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Is there a certain number of attack moves a Pokemon needs to have in order to be considered a sweeper? Also, is there a certain number of "stalling" moves a Pokemon needs to have to be a staller? Sorry if the question is confusing.

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This is for competitive, right? What format/rules are you playing with?
It's for the Battle Tree. I'm trying to do the Super Single Challenge, possibly the Super Double Battle.

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Best answer

Not necessarily.

A sweeper is any Pokémon meant to either punch large holes in enemy teams early game, or clean up the enemy team in the late-game. That being said, many sweepers can work well with some stalling moves. For an example, a Reuniclus might have Psychic, Focus Blast, Shadow Ball, and Recover, but it would still be a sweeper if its purpose is to damage the enemy team, despite having Recover, a more stally move.

A staller usually refers to a massive wall, meant to soak up hits and slowly beat an enemy with chip damage. However, some stallers can have a terrifying offensive presence, as well. A good example is Hydration Vaporeon, a Pokémon that eats up a multitude of hits on rain teams. Despite its rather okay 110 Special Attack, its Scald or Surf can be strong enough to outright OHKO an enemy Cloyster in the rain, even though it is resisted.

Even so, most sweepers are better off with a very sweepy set, while most stallers are better off with a very stally set. These two are just examples of Pokémon that fit one archetype while having traits of a completely different one.

I hope I helped.

Source: Experience

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What's early game and late game?
early game is the start of the fight and late game is nearing the end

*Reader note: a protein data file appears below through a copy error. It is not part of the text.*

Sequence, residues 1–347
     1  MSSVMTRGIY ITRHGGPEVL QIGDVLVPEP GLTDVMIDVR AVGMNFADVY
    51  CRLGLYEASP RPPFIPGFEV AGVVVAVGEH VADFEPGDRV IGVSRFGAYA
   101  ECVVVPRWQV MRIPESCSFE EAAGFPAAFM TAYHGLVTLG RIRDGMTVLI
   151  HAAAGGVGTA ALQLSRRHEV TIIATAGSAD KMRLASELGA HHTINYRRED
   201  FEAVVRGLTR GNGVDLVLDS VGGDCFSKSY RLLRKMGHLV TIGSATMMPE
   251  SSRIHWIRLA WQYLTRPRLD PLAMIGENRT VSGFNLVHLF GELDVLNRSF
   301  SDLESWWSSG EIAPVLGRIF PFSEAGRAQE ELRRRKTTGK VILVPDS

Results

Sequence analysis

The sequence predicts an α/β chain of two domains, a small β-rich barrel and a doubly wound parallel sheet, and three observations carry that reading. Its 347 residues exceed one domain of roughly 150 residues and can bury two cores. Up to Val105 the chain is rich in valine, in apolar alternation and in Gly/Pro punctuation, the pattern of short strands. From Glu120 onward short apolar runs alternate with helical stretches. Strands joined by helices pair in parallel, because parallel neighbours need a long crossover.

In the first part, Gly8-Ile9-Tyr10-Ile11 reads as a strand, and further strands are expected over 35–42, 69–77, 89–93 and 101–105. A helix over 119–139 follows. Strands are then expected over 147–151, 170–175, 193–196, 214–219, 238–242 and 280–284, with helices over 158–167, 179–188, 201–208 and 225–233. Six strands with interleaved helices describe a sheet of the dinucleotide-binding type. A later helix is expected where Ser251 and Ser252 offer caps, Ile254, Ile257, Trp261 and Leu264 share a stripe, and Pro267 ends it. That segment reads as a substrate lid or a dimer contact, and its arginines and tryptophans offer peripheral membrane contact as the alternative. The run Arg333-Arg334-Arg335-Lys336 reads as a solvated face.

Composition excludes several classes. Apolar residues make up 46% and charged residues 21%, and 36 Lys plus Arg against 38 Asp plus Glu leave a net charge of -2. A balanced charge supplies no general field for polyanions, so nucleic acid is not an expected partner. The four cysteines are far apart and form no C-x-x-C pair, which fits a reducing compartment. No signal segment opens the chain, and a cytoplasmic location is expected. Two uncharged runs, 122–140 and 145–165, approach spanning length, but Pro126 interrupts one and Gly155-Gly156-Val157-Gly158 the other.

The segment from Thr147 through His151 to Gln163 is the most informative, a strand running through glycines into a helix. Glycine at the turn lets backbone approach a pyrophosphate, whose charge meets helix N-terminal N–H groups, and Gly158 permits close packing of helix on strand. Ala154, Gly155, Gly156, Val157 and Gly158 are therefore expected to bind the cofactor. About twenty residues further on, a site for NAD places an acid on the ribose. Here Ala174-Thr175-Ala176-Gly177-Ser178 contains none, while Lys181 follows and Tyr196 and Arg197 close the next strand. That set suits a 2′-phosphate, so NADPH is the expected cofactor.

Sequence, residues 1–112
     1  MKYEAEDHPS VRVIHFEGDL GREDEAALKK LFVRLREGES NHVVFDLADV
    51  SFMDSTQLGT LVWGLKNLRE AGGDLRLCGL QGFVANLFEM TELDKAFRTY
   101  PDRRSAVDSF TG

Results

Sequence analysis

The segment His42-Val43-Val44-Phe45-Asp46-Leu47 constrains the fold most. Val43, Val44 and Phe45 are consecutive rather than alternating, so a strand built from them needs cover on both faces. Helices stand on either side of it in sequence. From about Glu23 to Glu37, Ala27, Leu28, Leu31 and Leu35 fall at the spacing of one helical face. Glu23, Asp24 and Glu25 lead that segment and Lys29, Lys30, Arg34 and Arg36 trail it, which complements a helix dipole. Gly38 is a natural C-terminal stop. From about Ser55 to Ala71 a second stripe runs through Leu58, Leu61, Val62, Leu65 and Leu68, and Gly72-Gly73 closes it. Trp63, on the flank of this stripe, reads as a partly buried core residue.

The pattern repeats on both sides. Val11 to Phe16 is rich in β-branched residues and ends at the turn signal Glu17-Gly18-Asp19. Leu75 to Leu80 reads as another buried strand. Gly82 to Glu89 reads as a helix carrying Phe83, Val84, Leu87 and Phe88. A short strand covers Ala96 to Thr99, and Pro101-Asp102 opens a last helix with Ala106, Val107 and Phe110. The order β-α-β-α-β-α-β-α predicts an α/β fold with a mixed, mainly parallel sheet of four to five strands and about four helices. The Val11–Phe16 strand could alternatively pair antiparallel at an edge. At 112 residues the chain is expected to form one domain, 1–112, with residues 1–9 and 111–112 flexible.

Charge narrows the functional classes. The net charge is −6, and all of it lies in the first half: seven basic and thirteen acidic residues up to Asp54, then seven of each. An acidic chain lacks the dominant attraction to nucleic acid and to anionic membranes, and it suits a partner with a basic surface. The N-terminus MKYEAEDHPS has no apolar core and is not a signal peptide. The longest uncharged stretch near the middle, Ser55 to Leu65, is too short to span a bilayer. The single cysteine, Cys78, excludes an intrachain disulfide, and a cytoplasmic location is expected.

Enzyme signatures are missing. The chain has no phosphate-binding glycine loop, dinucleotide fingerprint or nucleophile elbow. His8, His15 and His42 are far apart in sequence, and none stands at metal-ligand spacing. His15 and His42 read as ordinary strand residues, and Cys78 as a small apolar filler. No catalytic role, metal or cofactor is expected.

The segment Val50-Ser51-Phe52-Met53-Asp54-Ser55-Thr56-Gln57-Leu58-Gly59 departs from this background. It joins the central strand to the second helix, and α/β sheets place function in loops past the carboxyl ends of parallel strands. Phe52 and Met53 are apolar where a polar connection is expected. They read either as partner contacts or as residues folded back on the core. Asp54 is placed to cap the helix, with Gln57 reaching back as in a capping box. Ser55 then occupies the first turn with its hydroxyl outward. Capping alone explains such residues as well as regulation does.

Early game = attempting to set up your win condition, which varies according to your team. If you're playing offence, then you want all the checks/counters to your main sweepers weakened or knocked out. If you're playing stall, you want to get your hazards and status conditions set up while blocking your opponent's efforts to boost (or play their own stall).
Late game = executing what you set up earlier in the game. If you're playing offence or balance, you want to get momentum (e.g. by sacking something or using U-Turn) and then start boosting. If you're playing stall, you just keep phasing the opponent, or you bring out your sweeper if you have one.
1 vote

This is just based on my understanding so I might miss a few points

To be a sweeper, it doesn't matter how many attacking moves you need. The most common way for a sweeper would be a +speed boost move, preferably with one of its offensive stats such as quiver and dragon dance, and then outspeed the opponent's Pokemon and kill them in one shot. This one shot could also be after they have been weakened. Choice scarf sweepers such as Garchomp is limited because it cannot boost its attack unless it was baton passed to it

For a staller, you need a bulky Pokemon and status moves, preferably toxic since the longer a Pokemon affected stays in the field, the greater its disadvantage. It's job is basically to just endlessly wall something by spamming a recovery move. Skarmory would be a very good example of a staller since it has spikes, stealth rock, toxic and roar. Basically, a staller would be a Pokemon that would use indirect damage such as hazard + phazing to slowly kill the opponent's Pokemon

As I said, I probably missed a few points so just point it out

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0 votes

In the Battle Tree, a sweeper is any Pokemon that OHKOs opponents, and a staller is any Pokemon that wastes PP. Some Pokemon, such as calm mind rest Suicune and protect moody Glalie, can be either depending on the situation.
source

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0 votes

To be a sweeper, the Pokemon should have a high attack or special attack stat. Usually these Pokemons' defenses are poor, so you need to have a speed raising move, that way if the Pokemon cannot survive the hit the second round, they can instantly knock out the opponent.
A staller would stall the opponent, sometimes for recovery purposes, so they should have a protecting move, a stat raising defense or stat lowering either attack or defense or speed move, a status inflicting move and a damaging move.
I hope I've helped!

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